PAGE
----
A pharmacist by trade, Don was known as the "Father of the Sports Awards" and served as Wenatchee North Rotary's second president during the club's infancy. Since the fledgling organization was in search of a major project to not only generate funds to meet donation requests, but to also raise public awareness of Wenatchee North's existance, as well as that of Rotary, he led members on a perilous undertaking.
By germinating the idea of holding a sports awards banquet to honor North Central Washington's finest athletes, teams and coaches, Don faced the great risk of draining the paltry club treasury with 'up front' expenses. Considering only similar regional sports recognition banquets in Seattle and Spokane existed at the time, no template for success in a much more sparsely populated area like NCW was even remotely available to copy. It truly meant flying by the seat of their pants that first year. But Don's calm demeanor, always the quiet leader, along with a club roster including the Wenatchee Valley College athletic director, Don Schoening, and a young, energetic membership that was oriented toward athletics, helped pave the way.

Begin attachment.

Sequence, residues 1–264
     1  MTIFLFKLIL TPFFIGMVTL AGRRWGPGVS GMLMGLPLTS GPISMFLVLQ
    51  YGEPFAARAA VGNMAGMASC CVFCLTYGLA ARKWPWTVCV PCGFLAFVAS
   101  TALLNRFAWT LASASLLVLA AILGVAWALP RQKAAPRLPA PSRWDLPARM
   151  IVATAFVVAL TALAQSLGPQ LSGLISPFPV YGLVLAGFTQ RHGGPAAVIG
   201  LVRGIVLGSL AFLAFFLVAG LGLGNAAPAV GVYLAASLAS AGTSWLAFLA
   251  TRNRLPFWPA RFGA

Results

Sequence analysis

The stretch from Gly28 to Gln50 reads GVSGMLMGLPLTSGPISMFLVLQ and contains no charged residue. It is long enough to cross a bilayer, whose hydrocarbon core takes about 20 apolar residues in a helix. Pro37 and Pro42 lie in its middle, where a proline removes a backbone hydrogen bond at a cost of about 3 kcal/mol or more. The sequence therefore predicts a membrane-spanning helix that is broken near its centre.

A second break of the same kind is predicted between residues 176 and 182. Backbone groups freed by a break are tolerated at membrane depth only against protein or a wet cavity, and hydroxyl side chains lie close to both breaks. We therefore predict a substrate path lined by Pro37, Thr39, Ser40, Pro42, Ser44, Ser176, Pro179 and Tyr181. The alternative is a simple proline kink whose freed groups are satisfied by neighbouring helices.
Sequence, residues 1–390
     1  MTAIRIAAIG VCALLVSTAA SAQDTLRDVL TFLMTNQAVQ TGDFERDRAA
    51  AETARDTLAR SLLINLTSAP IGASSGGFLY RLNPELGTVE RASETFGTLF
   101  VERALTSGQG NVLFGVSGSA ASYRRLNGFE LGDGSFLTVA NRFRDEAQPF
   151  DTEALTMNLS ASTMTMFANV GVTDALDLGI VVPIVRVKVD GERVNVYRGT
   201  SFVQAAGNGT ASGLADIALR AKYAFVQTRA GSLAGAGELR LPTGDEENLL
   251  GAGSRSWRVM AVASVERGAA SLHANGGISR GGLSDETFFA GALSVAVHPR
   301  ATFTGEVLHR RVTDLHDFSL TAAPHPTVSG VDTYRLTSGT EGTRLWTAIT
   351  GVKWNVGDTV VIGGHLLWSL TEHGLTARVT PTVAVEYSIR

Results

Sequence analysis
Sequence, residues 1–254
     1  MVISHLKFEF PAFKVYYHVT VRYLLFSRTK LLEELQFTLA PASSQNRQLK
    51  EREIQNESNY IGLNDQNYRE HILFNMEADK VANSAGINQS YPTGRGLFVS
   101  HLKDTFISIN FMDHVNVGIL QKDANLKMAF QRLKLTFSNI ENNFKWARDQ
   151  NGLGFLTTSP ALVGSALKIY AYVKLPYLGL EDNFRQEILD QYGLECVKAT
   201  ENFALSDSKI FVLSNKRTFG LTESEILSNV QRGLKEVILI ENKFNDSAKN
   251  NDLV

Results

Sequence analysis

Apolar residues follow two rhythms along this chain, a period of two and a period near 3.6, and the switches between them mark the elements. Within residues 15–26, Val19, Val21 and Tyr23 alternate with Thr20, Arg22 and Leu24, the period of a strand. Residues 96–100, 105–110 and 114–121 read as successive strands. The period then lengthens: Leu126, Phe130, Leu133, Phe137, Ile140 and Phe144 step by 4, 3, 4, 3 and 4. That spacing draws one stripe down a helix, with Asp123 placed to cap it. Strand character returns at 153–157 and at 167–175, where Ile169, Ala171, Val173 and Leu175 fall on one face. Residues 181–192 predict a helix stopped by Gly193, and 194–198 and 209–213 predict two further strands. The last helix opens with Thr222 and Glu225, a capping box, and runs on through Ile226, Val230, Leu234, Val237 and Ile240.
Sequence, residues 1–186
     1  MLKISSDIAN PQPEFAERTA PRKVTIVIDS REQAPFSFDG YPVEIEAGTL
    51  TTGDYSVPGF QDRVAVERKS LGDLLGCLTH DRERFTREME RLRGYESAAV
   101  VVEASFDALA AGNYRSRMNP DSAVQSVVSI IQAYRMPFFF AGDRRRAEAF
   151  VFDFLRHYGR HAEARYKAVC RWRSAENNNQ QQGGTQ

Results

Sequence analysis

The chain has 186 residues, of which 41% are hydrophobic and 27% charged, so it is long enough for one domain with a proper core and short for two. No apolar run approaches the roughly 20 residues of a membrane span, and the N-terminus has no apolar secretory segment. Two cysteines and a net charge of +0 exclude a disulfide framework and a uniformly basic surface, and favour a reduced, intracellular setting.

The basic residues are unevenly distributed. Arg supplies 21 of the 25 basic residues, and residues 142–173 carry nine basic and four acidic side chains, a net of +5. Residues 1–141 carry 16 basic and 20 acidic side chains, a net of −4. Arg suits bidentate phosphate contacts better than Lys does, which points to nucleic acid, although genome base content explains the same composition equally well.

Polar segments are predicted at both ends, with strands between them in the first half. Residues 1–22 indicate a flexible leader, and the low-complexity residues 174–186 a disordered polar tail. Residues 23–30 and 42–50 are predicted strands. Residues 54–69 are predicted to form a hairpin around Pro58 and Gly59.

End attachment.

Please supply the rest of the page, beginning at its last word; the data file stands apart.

The banquet, staged in the Cascadian Hotel's Ballroom on March 29, 1971, was deemed a success despite its four and a half hour length. The ceremony was emceed by Dr. Ed Cadman, who would later become president of Rotary International and spearhead the campaign to eradicate polio from the world. It featured a host of northwest sports celebrities headlined by Dee Andros, Oregon State University's athletic director and head football coach. Don presented the first President's Award at that banquet and, in 2011, the award was renamed in his honor.